Tens of thousands of consumers who were victims of SkyBiz.com, an Internet pyramid scam disguised as a legitimate business opportunity, may qualify to share in a $20 million court-ordered redress fund. Consumers who invested in SkyBiz.com will be notified by e-mail from the court-appointed fund administrator that they may qualify to share in the redress fund. Consumers must submit all claims to the redress administrator, Robb Evans & Associates, at www.skybiz-redress.com.
In June 2001, the FTC filed suit charging that the defendants promoted a work-at-home business opportunity with claims of quick riches. In sales presentations, seminars, teleconferences, Web site presentations, and other marketing material, the defendants touted the opportunity to earn thousands of dollars a week by recruiting new “Associates” into the program. The cost to join the SkyBiz Program was as much as $125, supposedly used to buy an “e-Commerce Web Pak” but in reality it was to purchase the right to receive compensation for recruiting additional participants. According to the FTC, the defendants urged participants to invest in more than one “Web Pak” to maximize their earning potential.
The FTC charged that the claims that consumers who invested in SkyBiz would make substantial income were false; that failure to disclose that most people in pyramid schemes lose money was deceptive; that defendant provided the means and instrumentalities for others to deceive consumers by providing speakers and promotional materials that made the false and misleading claims; and that SkyBiz was actually an illegal pyramid scheme. All four acts violate the FTC Act.
The case was scheduled to go to trial January 6, 2003. By that date, the FTC also had pursued the case in the courts of Ireland and Bermuda, assisted law enforcement agencies in Canada, Australia, South Africa, New Zealand, and the United Kingdom, and partnered with consumer agencies in Hawaii, Michigan, North Carolina, Oklahoma, Wisconsin, and Wyoming.
The defendants agreed to a settlement.
The settlement provided $20 million for consumer redress and bars all the defendants from participating in pyramid schemes or misrepresenting the amount of sales, income, profits or rewards of any future business venture. The settlement permanently bars Nanci Corporation from engaging in, advertising, or selling any multilevel marketing program. The settlement bars Elias F. Masso from engaging in any aspect of multilevel marketing for 22 years, James S. Brown for 10 years, and Kier E. Masso for seven years. The settlement bars all of the defendants from providing others with the means and instrumentalities to make false and misleading statements. In addition, the settlement requires that when the defendants make any claims regarding earnings, profits, or sales volume for future marketing programs, they disclose the number and percentage of participants who have made a profit through the program and disclose the average and median amount of money made. The settlement bars the defendants from sharing their customer lists and contains record-keeping provisions to allow the agency to monitor compliance with the order.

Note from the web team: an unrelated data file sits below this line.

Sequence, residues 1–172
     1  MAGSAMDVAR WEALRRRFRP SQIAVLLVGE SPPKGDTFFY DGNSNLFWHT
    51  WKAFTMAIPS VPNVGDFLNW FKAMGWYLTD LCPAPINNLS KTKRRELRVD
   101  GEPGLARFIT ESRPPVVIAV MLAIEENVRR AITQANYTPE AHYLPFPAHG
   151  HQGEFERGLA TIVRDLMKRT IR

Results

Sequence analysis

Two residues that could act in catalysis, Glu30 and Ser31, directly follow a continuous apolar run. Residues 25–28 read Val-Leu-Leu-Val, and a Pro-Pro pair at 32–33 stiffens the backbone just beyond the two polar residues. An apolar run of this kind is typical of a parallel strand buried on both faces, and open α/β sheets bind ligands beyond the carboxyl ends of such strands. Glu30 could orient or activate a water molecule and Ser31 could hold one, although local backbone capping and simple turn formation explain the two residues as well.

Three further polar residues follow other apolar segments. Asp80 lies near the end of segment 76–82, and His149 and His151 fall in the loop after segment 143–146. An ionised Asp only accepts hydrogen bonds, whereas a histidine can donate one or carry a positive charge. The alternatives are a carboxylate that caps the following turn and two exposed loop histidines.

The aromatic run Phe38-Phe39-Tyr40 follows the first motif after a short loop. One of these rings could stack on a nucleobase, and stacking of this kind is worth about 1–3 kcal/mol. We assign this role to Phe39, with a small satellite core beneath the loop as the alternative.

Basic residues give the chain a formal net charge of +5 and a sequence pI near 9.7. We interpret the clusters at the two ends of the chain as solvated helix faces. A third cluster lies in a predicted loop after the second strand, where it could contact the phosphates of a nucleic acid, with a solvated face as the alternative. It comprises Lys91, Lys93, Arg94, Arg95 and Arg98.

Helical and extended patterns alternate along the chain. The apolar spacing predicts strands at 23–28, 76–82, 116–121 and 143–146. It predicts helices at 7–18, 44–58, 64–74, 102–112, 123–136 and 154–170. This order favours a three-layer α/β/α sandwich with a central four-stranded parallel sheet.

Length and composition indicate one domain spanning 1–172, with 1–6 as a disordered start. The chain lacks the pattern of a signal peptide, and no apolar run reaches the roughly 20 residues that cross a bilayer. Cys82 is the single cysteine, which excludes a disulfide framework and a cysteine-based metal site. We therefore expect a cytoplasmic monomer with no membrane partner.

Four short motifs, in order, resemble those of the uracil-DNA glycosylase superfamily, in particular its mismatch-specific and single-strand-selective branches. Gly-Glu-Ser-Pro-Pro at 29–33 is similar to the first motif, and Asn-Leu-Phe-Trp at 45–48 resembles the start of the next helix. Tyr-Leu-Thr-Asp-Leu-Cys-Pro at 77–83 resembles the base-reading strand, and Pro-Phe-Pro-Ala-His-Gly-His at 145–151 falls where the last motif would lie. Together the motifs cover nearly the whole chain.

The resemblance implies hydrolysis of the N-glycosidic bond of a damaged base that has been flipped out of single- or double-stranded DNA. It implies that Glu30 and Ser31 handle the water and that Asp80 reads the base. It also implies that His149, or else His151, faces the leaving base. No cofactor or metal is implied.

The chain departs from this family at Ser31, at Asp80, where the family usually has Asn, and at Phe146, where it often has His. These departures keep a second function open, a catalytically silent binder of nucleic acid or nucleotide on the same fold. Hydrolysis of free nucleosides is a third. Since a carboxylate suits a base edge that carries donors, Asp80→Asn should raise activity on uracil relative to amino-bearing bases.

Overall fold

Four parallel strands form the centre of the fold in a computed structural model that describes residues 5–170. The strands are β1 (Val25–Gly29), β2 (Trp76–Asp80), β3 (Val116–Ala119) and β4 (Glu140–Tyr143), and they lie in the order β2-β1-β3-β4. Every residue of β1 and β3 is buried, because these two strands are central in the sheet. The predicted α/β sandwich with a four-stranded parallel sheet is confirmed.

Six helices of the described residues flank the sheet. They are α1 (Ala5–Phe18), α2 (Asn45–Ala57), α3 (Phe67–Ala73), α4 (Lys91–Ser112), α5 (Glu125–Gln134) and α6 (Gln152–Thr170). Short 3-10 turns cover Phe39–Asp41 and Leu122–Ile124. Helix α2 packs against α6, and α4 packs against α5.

To view the latest information regarding the Skybiz redress fund, consumers can go to www.skybiz-redress.com
The FTC suit was filed in the U.S. District Court in the Northern District of Oklahoma. The corporate entities named in the suit include: SkyBiz.com, Inc; World Service Corporation; Nanci Corporation International; and WorldWide Service Corporation. The FTC also named several individual defendants, including: Elias F. Masso; Nanci H. Masso; Kier E. Masso; James S. Brown; Stephen D. McCullough; and Ronald E. Blanton. Blanton settled the FTC charges in January 2002, and McCullough settled the FTC charges in April 2003.
The Commission wishes to acknowledge the substantial assistance provided by the Royal Canadian Mounted Police; Australian Competition and Consumer Commission; South African Department of Trade and Industry; New Zealand Commerce Commission; United Kingdom Department of Trade and Industry; the attorneys general of Wyoming, Michigan, North Carolina, and Wisconsin; the Oklahoma Department of Securities; and the Hawaii Securities Enforcement Unit of the Department of Commerce and Consumer Affairs.
Copies of the legal documents associated with this case are available from the FTC’s web site at http://www.ftc.gov and also from the FTC’s Consumer Response Center, Room 130, 600 Pennsylvania Avenue, N.W., Washington, D.C. 20580. The FTC works for the consumer to prevent fraudulent, deceptive and unfair business practices in the marketplace and to provide information to help consumers spot, stop and avoid them. To file a complaint, or to get free information on any of 150 consumer topics, call toll-free, 1-877-FTC-HELP (1-877-382-4357), or use the complaint form at http://www.ftc.gov. The FTC enters Internet, telemarketing, identity theft and other fraud-related complaints into Consumer Sentinel, a secure, online database available to hundreds of civil and criminal law enforcement agencies in the U.S. and abroad.
(FTC File No. X01 0046)